The Mali magicians return with an even richer palette...
'Résistance'

Bursting onto the scene in 2015 with an amazing set of tunes, a horrendous tale of exile and one Nick Zinner on production duties, Songhoy Blues’ debut was a joyous blast to people’s ears. In just eleven songs the quartet helped remind people of the healing power of music and its unique ability to break down barriers. Its fusion of western guitar rock with some home-taught groove showcased a passion for the humble six-string not seen in far too long.

Two years later and the band find themselves with a global fan base and a wealth of touring experience to help propel their next step – and what a next step it is. Recorded in London with M.I.A/Django Django producer Neil Combo, ‘Résistance’ builds on ‘Music In Exile’s winning formula by adding some brilliantly judged textures, plus a surprise guest or two.

Kicking off with the funky ‘Voter’ it’s clear the band have lost none of their urgency, a foot-tappingly good bassline and relaxed drum pattern soon replaced by a riff that wouldn’t sound out of place coming off Tom Morello’s fret board. It’s a clear signal the band has soaked up a few outside influences while on the road and are only stronger for it. For instance ‘Sahara’, featuring none other than Iggy Pop, is pure blues badassery, the proto-punk lending some of his trademark croon to various wails and finger wizardry. Yet another curious collaboration for a band who thrives in doing them.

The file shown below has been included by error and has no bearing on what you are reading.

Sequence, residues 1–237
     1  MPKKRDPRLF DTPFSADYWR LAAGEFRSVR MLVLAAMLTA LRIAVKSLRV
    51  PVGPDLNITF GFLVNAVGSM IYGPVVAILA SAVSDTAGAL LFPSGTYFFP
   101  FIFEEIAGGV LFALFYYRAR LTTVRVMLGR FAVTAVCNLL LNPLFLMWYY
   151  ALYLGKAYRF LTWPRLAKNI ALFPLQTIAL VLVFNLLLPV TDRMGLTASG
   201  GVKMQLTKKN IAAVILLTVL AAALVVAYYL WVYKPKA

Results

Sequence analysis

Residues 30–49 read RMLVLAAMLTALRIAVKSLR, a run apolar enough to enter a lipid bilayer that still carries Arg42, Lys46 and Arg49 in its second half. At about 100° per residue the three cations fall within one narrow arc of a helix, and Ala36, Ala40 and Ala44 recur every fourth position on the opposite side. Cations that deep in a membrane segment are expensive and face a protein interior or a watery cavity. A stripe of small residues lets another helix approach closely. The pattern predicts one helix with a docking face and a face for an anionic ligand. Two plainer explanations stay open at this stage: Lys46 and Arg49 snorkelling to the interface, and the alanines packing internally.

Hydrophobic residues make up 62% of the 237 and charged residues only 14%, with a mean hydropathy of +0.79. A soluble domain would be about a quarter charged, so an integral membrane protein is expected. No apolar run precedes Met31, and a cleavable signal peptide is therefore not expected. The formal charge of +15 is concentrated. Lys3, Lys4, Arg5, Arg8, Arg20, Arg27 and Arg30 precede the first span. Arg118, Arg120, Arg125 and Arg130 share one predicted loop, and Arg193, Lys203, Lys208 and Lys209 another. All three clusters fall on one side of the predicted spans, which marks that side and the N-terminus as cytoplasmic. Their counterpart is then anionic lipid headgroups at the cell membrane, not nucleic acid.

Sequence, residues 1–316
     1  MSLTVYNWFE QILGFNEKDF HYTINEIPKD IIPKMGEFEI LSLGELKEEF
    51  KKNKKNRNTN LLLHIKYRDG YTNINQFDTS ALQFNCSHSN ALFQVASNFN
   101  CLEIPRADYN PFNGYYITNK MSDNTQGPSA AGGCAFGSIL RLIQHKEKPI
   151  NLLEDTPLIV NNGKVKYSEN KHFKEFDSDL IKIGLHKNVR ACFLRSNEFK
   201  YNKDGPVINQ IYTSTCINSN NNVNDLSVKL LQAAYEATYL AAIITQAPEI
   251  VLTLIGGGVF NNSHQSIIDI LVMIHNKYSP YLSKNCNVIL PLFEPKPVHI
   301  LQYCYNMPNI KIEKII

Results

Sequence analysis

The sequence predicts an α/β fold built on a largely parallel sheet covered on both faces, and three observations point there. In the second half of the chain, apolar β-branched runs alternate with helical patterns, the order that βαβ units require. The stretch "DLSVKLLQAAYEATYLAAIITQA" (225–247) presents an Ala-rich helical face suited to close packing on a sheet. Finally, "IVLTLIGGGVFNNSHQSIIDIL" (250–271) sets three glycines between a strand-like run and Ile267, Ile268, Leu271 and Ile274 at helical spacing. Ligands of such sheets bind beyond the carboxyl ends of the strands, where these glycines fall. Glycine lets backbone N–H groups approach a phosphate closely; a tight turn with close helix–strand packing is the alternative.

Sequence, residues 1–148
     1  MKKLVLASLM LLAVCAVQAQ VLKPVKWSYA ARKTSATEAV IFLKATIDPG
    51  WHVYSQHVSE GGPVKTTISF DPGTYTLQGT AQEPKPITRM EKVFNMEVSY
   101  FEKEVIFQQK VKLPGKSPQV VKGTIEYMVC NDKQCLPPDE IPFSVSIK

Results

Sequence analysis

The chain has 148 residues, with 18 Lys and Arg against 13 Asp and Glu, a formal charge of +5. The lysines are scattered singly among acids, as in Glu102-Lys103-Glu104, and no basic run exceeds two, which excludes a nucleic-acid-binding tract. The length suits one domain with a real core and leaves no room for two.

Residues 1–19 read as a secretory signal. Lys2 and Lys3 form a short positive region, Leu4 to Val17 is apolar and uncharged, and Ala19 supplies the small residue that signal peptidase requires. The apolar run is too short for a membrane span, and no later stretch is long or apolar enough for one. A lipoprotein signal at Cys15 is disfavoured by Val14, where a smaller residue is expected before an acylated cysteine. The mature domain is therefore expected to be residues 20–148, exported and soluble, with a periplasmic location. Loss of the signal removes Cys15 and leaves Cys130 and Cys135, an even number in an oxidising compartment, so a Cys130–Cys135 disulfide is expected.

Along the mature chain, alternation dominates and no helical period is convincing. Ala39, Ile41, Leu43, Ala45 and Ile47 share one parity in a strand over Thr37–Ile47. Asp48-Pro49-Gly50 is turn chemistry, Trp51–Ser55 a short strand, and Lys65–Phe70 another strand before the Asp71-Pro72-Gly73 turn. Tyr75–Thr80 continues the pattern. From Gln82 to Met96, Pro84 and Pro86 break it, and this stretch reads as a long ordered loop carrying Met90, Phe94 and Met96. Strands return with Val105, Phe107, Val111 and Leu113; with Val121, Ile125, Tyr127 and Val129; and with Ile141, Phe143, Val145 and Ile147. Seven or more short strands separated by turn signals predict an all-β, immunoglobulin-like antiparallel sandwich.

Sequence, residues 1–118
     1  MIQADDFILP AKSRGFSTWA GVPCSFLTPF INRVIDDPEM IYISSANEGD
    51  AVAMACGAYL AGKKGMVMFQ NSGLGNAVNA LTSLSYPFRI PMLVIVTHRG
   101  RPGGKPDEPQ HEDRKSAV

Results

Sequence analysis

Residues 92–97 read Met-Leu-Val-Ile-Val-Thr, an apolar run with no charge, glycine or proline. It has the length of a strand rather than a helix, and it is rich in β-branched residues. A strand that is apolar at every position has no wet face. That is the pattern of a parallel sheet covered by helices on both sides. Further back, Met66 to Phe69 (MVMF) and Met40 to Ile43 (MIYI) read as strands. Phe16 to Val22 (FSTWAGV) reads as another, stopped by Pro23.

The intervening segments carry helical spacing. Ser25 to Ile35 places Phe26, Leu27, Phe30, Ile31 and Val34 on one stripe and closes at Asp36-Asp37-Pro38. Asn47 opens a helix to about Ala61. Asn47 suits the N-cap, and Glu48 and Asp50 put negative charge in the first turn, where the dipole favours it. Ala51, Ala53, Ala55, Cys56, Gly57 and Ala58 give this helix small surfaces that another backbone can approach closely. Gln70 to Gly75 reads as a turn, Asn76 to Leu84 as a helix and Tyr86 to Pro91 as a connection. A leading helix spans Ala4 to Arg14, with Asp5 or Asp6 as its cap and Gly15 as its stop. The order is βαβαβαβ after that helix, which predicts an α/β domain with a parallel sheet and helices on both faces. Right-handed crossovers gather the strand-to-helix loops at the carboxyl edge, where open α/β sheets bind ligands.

Later track ‘Hometown’ sails intriguingly close to Americana, some great acoustic picking and fiddle-work providing a perfect backdrop for a tale of Mali’s beauty. If their first effort was understandably about their homeland's struggles, this twelve-track set paints a more nostalgic picture where Bamako’s nightlife is missed, as is the beauty of the desert. Some may find the inclusion of London MC Elf Kid on ‘Mali Lord’ slightly jarring (or Pop’s guest spot, in all honestly) but it displays a band willing to take risks and continually embrace new influences. By the time last number ‘One Colour’ rolls around you won’t believe 46 minutes have passed.

Songhoy Blues have once again produced an album for all. The small-minded stamp of ‘world music’ does not apply here (or should anywhere really). This is quite simply a record for anyone ready to get down to some beautiful rhythms. In this topsy-turvey world we find ourselves we need more groups like Songhoy, purveyors of grin-inducing melody and true kings of groove.

8/10

Words: Sam Walker-Smart

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